What are STD's? Causes, Symptoms, Diagnosis & Prevention

Medically Reviewed by Dr Sravya, MBBS, MS 



Sexually transmitted diseases (STD) are infections transmitted through sexual contact, including vaginal, oral, or anal intercourse. Some diseases, like Herpes and HPV, can be transmitted through skin contact. Pregnant women can transmit it to babies during pregnancy or childbirth.1 Sexually transmitted diseases transmitted through vaginal, anal, and oral intercourse, are prevalent and can cause major health issues if untreated. Testing is simple and most are manageable. Sexually transmitted diseases or infections (STIs) are acquired through sexual contact, often through blood, semen, or bodily fluids. Nonsexual transmission can occur during pregnancy or childbirth, and STIs can be contracted from seemingly healthy individuals.

Table of Contents

Symptoms of STDs

An STD can manifest in various ways, including none at all, and may not be detected until issues arise or a partner is diagnosed.

Risk Elements

Anyone who has sex faces the possibility of developing an STI. Such risk could arise from several factors, including:

Causes of Sexually Transmitted Diseases

Diagnosis of STDs

Diagnosis of sexually transmitted diseases (STDs):

Prevention of STDs

There are several steps you can take to prevent or reduce the risk of sexually transmitted diseases or sexually transmitted infections (STIs).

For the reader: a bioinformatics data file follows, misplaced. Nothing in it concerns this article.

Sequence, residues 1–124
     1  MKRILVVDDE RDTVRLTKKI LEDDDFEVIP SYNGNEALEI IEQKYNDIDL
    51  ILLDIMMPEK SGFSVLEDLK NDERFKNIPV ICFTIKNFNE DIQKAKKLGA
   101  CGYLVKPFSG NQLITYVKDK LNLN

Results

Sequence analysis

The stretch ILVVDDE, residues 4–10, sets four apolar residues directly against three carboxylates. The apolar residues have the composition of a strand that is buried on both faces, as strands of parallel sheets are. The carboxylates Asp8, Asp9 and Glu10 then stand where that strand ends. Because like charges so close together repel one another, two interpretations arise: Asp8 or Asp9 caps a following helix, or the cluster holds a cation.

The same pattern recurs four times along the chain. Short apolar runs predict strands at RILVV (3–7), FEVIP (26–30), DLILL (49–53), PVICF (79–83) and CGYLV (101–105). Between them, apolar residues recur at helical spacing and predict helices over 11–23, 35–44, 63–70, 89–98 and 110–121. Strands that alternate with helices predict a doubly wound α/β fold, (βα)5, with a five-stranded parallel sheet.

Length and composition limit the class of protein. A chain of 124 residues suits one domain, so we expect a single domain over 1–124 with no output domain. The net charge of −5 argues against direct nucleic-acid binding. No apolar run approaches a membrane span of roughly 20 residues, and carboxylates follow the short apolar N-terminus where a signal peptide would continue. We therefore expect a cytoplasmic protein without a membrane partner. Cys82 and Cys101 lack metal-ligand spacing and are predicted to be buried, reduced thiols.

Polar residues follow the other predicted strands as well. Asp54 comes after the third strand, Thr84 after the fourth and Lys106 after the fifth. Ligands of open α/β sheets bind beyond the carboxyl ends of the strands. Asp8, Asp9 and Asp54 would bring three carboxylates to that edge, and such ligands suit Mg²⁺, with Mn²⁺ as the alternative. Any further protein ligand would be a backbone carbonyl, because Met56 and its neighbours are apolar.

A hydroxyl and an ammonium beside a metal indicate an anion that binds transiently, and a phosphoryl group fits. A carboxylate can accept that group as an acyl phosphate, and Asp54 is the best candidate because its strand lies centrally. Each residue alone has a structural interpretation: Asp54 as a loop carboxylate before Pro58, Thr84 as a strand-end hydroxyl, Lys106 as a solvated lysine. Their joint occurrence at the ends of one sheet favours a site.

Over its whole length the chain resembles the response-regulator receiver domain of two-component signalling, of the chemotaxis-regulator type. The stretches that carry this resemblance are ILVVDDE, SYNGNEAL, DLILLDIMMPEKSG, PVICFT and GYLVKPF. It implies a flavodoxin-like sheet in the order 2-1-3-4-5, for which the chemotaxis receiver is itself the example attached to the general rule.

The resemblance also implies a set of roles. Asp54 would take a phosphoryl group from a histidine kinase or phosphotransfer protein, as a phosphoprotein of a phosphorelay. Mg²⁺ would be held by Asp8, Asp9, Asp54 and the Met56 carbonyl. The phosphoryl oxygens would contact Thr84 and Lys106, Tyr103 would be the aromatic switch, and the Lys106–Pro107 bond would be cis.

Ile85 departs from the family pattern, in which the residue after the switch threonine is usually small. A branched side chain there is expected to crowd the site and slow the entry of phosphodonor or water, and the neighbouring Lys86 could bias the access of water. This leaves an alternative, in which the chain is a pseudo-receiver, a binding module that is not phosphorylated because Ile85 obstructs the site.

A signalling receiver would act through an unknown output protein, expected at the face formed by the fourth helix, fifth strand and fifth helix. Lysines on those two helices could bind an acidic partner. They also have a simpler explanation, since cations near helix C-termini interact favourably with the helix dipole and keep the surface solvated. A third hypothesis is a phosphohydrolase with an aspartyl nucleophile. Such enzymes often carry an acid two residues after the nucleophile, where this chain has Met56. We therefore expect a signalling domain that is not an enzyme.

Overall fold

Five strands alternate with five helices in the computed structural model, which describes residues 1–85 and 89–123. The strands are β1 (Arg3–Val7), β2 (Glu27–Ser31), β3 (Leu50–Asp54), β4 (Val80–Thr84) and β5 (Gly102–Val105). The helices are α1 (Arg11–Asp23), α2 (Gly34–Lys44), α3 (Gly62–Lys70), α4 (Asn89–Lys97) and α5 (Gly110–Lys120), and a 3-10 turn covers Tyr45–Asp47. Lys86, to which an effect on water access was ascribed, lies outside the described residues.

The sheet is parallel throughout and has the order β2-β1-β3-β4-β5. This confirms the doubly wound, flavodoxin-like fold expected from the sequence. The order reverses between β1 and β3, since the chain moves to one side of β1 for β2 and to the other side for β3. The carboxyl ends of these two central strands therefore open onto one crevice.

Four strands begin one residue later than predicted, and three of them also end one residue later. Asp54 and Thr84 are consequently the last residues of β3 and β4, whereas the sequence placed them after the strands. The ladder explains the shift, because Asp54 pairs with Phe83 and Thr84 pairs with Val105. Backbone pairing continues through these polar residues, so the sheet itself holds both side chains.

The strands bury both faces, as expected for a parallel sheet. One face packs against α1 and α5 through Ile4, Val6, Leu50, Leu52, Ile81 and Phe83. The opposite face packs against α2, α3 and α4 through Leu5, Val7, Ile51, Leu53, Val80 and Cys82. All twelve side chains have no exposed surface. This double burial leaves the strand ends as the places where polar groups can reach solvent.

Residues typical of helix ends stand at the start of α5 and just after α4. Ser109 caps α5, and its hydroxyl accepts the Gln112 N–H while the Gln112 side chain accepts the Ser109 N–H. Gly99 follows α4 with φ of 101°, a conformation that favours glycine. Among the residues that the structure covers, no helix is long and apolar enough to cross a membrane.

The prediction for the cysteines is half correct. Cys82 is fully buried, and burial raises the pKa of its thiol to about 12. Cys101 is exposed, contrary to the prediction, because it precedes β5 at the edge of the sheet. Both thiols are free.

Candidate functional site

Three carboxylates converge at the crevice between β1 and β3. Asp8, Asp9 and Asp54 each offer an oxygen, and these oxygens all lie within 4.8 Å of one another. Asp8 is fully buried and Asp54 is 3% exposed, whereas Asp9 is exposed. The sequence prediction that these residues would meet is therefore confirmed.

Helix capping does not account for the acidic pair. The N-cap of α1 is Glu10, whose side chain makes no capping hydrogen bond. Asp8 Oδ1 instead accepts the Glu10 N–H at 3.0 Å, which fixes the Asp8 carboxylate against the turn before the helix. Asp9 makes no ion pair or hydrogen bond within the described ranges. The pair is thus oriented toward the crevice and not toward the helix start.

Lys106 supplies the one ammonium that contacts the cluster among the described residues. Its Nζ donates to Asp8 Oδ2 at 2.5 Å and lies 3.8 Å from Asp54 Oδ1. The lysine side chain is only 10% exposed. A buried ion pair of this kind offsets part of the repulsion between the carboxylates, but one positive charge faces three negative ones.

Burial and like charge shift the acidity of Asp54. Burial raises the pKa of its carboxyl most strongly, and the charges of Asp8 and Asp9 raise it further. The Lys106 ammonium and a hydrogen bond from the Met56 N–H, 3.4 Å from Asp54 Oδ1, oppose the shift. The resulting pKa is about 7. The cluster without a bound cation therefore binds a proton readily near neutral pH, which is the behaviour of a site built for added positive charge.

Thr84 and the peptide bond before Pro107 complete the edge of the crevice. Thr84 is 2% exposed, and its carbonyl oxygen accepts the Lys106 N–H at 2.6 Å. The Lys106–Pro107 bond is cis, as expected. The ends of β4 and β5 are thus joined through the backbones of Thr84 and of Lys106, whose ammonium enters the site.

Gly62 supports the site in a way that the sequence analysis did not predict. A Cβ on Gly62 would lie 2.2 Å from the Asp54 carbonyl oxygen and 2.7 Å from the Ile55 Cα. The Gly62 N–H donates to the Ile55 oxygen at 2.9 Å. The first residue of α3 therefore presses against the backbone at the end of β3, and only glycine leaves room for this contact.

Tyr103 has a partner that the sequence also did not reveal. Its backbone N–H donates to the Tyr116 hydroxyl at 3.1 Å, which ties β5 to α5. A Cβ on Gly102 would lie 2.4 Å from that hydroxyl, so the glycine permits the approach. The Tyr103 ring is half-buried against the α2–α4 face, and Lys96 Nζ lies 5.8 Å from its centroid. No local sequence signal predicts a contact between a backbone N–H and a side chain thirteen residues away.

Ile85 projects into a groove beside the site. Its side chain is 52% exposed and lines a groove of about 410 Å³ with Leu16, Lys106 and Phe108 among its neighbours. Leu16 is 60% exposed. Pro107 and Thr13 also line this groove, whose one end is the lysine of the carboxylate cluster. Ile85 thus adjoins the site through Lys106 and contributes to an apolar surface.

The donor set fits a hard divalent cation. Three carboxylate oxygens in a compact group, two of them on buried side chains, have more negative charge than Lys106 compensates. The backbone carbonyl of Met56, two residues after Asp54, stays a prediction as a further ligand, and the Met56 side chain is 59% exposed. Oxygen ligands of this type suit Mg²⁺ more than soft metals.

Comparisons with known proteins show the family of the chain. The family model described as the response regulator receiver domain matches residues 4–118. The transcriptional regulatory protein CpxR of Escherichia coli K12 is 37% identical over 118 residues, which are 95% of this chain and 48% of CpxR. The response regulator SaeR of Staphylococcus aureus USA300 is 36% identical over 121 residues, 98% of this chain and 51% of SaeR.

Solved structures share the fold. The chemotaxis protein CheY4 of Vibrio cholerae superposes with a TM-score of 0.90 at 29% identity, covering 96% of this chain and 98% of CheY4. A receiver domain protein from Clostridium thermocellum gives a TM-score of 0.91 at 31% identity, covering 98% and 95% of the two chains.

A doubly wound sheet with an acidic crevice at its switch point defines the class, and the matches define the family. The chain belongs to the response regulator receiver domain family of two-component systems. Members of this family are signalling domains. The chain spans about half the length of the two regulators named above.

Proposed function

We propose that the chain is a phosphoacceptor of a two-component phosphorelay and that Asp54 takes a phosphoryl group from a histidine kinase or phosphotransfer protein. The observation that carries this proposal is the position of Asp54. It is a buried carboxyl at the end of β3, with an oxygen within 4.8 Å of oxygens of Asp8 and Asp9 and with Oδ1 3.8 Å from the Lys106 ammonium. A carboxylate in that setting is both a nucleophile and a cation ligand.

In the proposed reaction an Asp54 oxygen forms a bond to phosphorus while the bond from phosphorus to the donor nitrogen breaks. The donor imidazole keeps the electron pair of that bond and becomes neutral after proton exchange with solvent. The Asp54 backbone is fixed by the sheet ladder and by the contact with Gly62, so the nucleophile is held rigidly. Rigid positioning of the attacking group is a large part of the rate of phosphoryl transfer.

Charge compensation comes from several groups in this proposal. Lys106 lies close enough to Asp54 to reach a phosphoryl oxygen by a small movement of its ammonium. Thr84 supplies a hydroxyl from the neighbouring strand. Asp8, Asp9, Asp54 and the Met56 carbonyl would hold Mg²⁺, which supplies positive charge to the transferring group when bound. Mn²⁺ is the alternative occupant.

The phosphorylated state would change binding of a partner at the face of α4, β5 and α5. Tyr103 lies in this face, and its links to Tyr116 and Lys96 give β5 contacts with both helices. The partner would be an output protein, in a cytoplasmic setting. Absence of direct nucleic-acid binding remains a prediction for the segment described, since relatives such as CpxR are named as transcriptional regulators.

The prognosis for sexually transmitted disease gets better with treatment. Treatment slows down the progression of the disease and improves the long-term health of the patient. The appropriate treatment is dependent on the diagnosis. For those diagnosed with a STI, it is important to use condoms while having sex and to inform any sexual partners of their risk of status.

Prevention is very important for reducing the number and impact of this disease. Taking PrEP prevents a person from getting HIV. If you suspect you may have a STD, you may not want to go to a doctor. But knowing your health status is always a good idea. Getting the right diagnosis can alleviate an anxious mind, help you find the right treatment, and avoid long-term complications.

Frequently Asked Questions

Yes, males can acquire fungal infections, particularly in the genital area. Although it is less frequent in men than in women, men must recognize the signs and seek proper treatment. 

No, fungal infections are not classified as sexually transmitted infections. However, sexual activity can sometimes upset the natural balance, increasing the risk of infection.

While vaginal yeast infections are more frequent in women, they can occur in men as well, mainly through sexual transfer.

For minor yeast infections, over-the-counter antifungal treatments can be beneficial. However, if symptoms persist or worsen, it is essential to seek medical attention.

Stress can impair the immune system, making it more difficult to battle illnesses such as yeast infections.